McDonald’s claims that its new paper straws should have at least a 30-minute life in a liquid.
But it has not quite worked out that way.
This is the story.
Plastic Straw Bans
The U.K. and Ireland
When McDonald’s replaced its single use plastic straws with paper in the U.K. and Ireland, all did not go well. The paper straws got mushy in soda and dissolved in milkshakes. While one customer said it’s like “drinking a milkshake through an empty toilet paper tube,” another reported that the straw tasted like cardboard. Making it even worse, the straws’ thick construction prevented recycling so they had to be thrown out. Distraught, 50,000 people have sent McDonald’s a return-to-plastic petition.
McDonald’s has responded to protests like these (below) by saying they are still figuring out a solution:
Meanwhile, cities around the U.S. have begun to prohibit plastic straws and utensils or at least require that we request them. On July 1, 2018, Seattle was the first large city to implement a ban. As for the states, although none have an outright ban, California has a plastic-straws-on request rule with exemptions that include delis and fast food.
At the same time, Starbucks has said it will eliminate plastic straws by the end of this year. For Disney, a similar plan will mean 175 million fewer straws and 13 million fewer stirrers annually. Realizing that people with disabilities require bendy plastic straws, Disney and others have said they are figuring out a solution.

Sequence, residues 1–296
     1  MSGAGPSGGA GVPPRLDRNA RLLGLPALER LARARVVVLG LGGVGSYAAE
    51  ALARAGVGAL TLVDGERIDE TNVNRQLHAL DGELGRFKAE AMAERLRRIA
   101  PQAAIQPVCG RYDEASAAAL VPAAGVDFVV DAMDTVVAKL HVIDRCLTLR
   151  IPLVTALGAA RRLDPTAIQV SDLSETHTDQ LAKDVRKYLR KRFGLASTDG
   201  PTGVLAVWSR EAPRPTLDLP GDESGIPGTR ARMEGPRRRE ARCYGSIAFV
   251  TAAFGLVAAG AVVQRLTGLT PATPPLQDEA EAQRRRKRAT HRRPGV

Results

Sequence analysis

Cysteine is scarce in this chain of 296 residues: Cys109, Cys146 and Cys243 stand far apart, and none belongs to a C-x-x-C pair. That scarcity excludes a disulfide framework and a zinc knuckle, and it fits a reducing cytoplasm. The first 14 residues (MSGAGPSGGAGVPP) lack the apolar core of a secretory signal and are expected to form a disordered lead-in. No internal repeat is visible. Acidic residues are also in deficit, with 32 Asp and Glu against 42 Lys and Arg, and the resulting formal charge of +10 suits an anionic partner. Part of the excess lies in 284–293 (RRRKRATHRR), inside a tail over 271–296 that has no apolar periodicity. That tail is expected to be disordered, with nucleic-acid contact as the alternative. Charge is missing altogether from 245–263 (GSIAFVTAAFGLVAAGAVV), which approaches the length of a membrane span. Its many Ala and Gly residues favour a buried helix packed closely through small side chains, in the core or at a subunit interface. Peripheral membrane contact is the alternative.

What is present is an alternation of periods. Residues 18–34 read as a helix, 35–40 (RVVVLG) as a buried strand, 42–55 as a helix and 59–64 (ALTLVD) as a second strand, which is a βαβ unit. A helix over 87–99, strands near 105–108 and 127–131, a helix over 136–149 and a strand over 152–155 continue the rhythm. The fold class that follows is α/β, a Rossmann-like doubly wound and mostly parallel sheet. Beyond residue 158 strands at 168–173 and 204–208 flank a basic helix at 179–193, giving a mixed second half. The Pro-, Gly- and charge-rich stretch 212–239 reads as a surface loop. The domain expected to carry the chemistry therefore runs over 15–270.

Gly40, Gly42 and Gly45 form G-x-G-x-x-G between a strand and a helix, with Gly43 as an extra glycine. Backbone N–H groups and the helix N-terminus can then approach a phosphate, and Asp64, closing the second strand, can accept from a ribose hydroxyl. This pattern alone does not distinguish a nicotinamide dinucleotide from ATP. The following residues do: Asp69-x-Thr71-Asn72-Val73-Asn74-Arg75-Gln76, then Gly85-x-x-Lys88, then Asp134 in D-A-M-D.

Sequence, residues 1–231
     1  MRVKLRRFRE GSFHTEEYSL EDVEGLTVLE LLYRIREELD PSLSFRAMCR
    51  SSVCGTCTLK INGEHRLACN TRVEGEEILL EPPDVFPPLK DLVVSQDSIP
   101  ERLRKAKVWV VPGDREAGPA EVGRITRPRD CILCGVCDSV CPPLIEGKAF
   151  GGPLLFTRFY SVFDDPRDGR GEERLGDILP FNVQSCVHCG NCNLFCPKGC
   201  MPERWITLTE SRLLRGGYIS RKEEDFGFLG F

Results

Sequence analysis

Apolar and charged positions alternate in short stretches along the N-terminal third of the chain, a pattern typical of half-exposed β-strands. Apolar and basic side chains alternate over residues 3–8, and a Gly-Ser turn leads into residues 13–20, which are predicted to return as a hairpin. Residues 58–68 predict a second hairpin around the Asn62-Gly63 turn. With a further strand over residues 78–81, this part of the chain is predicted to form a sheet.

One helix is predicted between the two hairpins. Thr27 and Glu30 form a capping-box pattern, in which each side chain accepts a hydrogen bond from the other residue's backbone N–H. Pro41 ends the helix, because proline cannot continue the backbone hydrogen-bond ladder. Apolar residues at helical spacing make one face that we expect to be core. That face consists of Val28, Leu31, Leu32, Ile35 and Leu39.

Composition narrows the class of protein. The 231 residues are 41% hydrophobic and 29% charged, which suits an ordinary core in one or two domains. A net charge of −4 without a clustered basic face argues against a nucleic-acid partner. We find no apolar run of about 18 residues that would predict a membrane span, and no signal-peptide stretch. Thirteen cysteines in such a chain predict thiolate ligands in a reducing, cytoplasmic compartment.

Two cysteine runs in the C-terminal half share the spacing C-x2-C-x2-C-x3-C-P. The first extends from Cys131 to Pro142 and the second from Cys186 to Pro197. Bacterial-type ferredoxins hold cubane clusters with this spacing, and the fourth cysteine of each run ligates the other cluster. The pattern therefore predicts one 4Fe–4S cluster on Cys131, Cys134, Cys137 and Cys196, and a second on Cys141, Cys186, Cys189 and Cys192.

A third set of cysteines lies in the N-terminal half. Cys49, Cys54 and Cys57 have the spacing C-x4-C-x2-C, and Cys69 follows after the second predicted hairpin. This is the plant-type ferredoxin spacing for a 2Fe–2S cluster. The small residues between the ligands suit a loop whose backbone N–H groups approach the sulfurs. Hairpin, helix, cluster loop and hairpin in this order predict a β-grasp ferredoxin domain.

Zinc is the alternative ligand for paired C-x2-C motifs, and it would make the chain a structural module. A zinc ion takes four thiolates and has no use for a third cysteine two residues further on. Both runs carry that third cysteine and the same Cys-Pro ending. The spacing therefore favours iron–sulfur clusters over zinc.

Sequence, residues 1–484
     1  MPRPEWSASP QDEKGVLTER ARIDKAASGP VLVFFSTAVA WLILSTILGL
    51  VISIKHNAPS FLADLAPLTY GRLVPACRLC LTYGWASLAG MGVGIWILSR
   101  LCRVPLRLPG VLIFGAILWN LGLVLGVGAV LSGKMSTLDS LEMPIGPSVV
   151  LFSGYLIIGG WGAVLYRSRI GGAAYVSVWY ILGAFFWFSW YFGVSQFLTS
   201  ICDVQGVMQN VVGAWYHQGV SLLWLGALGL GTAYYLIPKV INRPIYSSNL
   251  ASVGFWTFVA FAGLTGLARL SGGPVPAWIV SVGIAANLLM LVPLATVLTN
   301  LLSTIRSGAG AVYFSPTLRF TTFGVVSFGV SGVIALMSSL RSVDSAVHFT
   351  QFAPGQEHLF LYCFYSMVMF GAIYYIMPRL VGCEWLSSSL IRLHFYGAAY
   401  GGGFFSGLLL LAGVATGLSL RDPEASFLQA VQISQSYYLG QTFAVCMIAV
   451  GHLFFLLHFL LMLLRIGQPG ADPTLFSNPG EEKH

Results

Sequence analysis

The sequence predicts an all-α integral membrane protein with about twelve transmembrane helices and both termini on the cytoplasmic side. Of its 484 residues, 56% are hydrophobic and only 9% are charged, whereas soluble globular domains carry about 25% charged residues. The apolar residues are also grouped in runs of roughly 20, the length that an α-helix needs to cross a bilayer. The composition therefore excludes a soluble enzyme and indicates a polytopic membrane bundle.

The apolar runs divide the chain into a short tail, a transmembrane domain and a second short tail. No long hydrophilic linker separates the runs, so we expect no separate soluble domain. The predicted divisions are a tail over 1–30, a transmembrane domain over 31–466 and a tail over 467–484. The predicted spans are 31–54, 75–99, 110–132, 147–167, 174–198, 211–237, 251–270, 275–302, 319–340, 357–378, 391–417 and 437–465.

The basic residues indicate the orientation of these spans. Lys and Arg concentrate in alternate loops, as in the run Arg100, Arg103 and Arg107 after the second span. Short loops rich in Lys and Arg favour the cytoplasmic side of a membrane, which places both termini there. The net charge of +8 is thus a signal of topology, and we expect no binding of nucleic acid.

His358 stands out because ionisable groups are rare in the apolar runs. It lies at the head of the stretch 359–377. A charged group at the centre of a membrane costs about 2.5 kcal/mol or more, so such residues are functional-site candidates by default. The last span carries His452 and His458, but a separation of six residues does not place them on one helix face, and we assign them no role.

Our Bottom Line: Conspicuous Conservation
Economist Thorstein Veblen told us that the affluent like to display their wealth and power through the pricey and useless items that they buy. More recently, others have suggested that many of us might engage in conspicuous conservation to show the world that we are “green.”
For straws, these are the possibilities:
We can buy a carrying case that comes with its own metal straws (either bendy or straight) and a cleaning brush.
Or, we could go everywhere our own box of straws made from rye (and share them with our friends):
Lastly, doesn’t this Final Straw look wonderful? The video is fun to watch:
My sources and more: For its plastic straw ban details, eater.com is a good starting place. Then, the BBC described McDonald’s problems, National Geographic boringly but knowledgeably conveyed some straw history, and the Los Angeles Magazine explained the Disney response.